What Does Responsible Energy Development Mean?

By Governor Gary R. Herbert

Utah is fortunate to have abundant natural resources ranging from breathtaking vistas to vast underground mineral wealth.  Utah’s uniquely diverse economy helps the state remain competitive and surge ahead even in tough economic times.  However, it is critical that we are proactive in the responsible, balanced development of our natural resources to retain our competitive edge.

What does responsible energy development mean?

Energy resource development has long played a consequential role in Utah’s economy, and it’s important that we not forget that history as we plan for the future.  Various stakeholders, including the state, must continue to support these critical energy industries that have bolstered our local and state economies for generations.  As we endeavor to support those industries we often face challenges related to the protection of water, land, air, and artifacts.  It is our duty to creatively and responsibly address those challenges, keeping in mind both the preservation of the state’s environment and its economy.  While some of these issues may make it more difficult to develop our energy resources, I am encouraged by how companies are stepping up to meet the challenge.  

As one example, Newfield Exploration Company is centralizing collection methods with placement of facilities next to paved roads to cut down on dust, reducing particulate matter and decreasing the release of Volatile Organic Compounds (VOCs) into Utah’s air.  Bill Barrett Corporation provided another example in 2010, when it worked diligently with conservation groups to protect Nine Mile Canyon’s precious pre-historic cultural resources.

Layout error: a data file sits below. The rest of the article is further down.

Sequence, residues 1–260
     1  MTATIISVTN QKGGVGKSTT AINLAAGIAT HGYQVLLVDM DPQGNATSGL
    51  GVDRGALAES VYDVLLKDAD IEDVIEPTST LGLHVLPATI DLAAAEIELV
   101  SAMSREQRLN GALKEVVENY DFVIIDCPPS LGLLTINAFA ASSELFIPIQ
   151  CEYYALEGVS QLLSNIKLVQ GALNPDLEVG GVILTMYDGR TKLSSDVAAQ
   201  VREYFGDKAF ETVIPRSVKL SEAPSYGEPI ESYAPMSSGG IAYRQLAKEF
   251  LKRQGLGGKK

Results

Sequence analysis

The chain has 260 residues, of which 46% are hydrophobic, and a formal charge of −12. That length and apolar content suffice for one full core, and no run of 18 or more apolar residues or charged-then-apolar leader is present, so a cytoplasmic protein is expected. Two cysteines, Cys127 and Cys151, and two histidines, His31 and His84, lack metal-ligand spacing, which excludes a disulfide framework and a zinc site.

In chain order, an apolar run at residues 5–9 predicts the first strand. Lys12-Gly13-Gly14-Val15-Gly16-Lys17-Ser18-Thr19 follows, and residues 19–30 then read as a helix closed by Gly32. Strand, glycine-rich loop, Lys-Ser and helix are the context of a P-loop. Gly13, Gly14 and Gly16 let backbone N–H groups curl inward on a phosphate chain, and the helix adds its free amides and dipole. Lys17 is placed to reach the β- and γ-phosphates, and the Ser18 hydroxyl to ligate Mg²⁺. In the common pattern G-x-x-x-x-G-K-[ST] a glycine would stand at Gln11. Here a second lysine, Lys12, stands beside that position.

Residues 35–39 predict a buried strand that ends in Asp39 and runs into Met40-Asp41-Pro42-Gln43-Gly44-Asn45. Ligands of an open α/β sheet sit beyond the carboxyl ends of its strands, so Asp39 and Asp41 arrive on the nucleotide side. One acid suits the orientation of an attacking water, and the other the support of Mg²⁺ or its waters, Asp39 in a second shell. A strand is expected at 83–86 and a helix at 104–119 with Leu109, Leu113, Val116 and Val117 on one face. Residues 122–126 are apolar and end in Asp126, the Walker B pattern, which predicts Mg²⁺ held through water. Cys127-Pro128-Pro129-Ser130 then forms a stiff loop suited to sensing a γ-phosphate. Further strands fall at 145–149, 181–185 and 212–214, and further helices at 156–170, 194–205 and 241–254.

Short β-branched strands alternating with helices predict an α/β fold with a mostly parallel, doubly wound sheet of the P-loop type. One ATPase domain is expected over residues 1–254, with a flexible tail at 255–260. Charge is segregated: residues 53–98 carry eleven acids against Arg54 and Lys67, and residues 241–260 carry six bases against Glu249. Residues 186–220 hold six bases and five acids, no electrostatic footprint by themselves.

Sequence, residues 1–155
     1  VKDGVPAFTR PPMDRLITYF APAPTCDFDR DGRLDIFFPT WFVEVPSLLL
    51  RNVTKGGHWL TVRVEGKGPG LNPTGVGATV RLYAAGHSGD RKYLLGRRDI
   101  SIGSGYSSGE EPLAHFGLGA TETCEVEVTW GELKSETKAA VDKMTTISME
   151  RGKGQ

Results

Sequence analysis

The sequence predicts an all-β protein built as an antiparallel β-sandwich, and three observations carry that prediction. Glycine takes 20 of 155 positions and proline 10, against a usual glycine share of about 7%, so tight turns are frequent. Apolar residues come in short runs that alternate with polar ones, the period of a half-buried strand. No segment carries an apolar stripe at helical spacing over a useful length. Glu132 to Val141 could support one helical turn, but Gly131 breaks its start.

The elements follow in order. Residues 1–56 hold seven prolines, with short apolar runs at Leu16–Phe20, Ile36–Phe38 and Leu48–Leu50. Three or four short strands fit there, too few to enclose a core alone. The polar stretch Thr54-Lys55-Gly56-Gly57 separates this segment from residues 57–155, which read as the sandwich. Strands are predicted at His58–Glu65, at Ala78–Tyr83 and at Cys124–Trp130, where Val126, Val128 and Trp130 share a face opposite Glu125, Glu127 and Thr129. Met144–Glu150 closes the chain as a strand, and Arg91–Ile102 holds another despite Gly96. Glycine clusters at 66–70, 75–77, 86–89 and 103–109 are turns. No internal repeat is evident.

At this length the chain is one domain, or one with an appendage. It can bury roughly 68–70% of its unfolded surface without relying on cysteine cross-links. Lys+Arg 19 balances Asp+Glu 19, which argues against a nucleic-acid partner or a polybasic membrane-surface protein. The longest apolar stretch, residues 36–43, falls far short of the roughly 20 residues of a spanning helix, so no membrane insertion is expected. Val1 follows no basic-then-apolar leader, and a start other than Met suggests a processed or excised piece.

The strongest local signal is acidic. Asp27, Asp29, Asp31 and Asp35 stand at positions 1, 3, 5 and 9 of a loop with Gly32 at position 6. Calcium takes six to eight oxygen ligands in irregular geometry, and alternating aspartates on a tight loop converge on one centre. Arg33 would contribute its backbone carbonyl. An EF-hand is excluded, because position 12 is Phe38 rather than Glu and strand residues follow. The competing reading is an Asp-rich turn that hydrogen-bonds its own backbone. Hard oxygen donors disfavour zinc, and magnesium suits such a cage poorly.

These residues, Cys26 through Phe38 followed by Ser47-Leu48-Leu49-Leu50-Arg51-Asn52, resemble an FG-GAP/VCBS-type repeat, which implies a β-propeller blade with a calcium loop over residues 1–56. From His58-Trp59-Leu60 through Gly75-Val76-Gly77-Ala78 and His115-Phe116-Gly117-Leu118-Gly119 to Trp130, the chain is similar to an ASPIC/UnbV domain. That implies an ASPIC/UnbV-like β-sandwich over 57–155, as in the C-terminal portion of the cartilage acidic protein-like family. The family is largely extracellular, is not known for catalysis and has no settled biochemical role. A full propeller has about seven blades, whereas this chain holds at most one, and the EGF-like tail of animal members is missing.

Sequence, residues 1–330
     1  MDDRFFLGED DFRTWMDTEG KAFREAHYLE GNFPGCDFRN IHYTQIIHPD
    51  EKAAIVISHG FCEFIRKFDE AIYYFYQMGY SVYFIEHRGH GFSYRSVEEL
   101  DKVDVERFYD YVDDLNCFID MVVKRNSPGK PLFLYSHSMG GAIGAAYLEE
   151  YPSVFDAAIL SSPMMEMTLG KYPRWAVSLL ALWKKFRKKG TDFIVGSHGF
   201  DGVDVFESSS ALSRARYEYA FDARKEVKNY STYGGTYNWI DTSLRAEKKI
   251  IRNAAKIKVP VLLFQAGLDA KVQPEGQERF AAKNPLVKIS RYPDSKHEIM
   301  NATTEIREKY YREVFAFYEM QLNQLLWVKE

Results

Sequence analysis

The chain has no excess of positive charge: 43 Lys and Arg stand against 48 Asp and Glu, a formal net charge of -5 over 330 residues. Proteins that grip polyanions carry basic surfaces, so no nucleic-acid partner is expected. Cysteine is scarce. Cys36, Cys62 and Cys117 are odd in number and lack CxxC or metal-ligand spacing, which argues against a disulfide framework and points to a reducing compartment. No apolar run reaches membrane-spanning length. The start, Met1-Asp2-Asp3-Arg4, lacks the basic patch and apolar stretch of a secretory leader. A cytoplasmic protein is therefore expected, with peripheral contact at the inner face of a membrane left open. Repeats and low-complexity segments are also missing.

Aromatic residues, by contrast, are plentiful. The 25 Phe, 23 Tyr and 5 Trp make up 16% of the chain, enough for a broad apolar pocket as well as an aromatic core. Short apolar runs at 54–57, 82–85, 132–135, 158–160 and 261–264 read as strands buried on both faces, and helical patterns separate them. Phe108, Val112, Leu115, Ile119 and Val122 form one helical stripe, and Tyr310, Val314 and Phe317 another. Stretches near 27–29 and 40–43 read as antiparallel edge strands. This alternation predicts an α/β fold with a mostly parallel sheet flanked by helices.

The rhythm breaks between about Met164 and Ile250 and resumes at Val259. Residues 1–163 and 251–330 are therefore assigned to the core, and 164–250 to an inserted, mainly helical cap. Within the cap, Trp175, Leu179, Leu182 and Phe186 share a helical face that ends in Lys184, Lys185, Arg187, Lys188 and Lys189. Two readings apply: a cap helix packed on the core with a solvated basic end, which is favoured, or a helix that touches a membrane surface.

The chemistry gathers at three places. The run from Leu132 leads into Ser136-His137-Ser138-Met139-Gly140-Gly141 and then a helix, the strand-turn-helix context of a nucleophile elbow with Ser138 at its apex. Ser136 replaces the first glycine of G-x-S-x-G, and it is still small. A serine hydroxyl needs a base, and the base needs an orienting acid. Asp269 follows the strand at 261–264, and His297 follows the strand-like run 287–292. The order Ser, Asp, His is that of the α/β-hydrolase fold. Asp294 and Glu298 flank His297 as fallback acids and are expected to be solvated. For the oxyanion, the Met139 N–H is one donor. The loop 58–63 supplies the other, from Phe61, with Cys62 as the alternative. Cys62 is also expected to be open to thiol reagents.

In two more recent developments, Anardarko Petroleum Corporation and Gasco Energy’s projects in the Uinta Basin recently received final approval on their Environmental Impact Statements (EIS), both huge steps forward for energy production in Utah.  These companies plan to invest $10 billion in the coming years, drilling 5,000 new gas wells and creating 4,000 jobs.  Both companies have worked closely with the Bureau of Land Management (BLM) and other stakeholders to plan their projects, which will use directional drilling technologies and other techniques that will reduce surface disturbances and environmental impacts.  These projects were praised by the BLM for their ability to eliminate floodplain impacts, protect viewsheds, and reduce impacts to water, soil and air quality.

These examples are very encouraging to me, and speak volumes about the future of responsible development in a state with boundless resources. 

Moving forward, I will continue to place an emphasis on the free market principles and sensible government policies that have been so important to fostering a stable business environment. We will continue to attract energy companies most able to generate high-paying jobs and stable revenues, while preserving the natural wonder that defines this state.